The higher the spatial resolution, the better the visual effect. As such, pan-sharpening processing is preferred because both the spatial and spectral information can be retained and represented in one single image. Liu et al. [6] demonstrated that both the spatial details can be improved and the spectral properties can be preserved, using the technique of spectral summation intensity modulation (SSIM). The essential condition is that the spectral range of the panchromatic band must be equal to that of multi-spectral bands to be pan-sharpened. This condition is satisfied in most high-resolution satellite sensors, such as Formosat-2, IKONOS, Quickbird, and so on. For the case of Landsat-8, fortunately, the same condition is almost fully satisfied (panchromatic band 8 covers approximately the same range as bands 2, 3, and 4), except for a small gap between bands 3 and 4. To illustrate the benefits of using an SSIM pan-sharpened image, one Landsat-8 image of Tainan City taken on 11 February 2016 is shown in Figure 2. The image was taken after an earthquake with a moment magnitude of 6.4 struck southern Taiwan on 6 February 2016. Bands 2, 3, and 4 of the Landsat-8 image make an ideal true color composite (Figure 2a) and the SSIM pan-sharpened image (Figure 2b) does indeed improve the spatial details and preserves the spectral properties. To examine and compare the details, the red boxes shown in Figure 2a,b are enlarged in Figure 2c,d, respectively. Compared to the aerial photo (25-cm resolution) of the same area taken on 8 February 2016 (Figure 2e), the main roads, basic shape of buildings, as well as spectral properties, are all retained well in the SSIM pan-sharpened image. The improvement in spatial resolution from 30 m to 15 m is indeed crucial for applications in urban areas, where the land cover and land use are mainly controlled by humans. However, this improvement of spatial resolution needs a sound pan-sharpening technique, such as SSIM, to really benefit users. The time required for SSIM processing is 12.5 s per scene, using our PC-based server.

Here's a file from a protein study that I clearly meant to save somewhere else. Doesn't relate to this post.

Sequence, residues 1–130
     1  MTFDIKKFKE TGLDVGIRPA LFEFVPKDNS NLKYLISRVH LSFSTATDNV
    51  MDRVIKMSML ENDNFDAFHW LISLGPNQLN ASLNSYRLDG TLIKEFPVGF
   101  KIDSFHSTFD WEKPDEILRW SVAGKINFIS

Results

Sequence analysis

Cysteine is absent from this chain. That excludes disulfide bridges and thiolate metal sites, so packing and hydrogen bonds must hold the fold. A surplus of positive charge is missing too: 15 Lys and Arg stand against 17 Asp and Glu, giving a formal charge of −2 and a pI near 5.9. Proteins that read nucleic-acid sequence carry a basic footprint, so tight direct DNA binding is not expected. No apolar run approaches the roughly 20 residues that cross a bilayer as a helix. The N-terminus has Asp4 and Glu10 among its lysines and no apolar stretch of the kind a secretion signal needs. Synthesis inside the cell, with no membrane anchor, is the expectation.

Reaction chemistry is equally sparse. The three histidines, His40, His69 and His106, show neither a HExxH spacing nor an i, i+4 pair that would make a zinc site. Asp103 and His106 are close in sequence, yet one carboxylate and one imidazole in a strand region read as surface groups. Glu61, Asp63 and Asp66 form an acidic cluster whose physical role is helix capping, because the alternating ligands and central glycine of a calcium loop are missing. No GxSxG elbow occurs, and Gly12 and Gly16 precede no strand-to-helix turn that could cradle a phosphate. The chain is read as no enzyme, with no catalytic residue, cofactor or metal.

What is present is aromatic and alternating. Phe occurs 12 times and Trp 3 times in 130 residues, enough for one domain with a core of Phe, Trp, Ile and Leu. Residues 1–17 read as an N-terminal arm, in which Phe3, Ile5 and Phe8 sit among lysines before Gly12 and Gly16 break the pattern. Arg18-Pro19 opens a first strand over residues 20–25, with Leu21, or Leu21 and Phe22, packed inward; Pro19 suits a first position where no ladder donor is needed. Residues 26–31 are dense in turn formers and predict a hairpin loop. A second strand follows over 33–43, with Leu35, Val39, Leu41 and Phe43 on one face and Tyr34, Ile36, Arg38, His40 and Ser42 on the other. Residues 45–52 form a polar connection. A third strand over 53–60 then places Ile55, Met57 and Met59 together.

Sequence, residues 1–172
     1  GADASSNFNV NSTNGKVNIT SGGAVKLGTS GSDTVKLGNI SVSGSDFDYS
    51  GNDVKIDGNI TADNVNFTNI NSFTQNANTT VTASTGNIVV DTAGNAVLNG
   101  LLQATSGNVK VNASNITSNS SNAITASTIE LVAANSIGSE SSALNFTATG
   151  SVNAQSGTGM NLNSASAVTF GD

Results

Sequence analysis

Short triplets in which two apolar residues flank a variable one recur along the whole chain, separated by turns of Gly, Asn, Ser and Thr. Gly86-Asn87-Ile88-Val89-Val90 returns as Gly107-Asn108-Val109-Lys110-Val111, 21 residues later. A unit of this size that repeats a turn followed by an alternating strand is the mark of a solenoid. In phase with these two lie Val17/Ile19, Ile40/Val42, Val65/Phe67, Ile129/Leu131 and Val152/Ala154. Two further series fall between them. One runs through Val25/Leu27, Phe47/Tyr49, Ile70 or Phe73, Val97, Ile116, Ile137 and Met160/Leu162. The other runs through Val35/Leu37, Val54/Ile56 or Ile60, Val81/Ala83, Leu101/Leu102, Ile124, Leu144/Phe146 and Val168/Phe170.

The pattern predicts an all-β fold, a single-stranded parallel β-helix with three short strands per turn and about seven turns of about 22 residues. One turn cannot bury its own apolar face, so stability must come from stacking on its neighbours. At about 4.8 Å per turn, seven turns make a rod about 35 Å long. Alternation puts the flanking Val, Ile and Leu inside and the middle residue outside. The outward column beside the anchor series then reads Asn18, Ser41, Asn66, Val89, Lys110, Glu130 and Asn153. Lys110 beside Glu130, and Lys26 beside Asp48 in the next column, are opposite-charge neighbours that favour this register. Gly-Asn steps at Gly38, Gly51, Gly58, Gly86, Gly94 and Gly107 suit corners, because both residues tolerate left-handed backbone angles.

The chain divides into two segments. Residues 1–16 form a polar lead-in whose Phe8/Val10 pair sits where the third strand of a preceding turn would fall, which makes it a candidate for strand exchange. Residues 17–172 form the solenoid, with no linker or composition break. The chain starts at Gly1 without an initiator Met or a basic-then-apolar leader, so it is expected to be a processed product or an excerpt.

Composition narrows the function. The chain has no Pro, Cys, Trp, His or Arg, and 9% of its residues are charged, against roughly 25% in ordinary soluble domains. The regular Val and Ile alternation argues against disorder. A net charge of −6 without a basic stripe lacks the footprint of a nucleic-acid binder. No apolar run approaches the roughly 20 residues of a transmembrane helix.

2.3. Adaptive Contrast Enhancement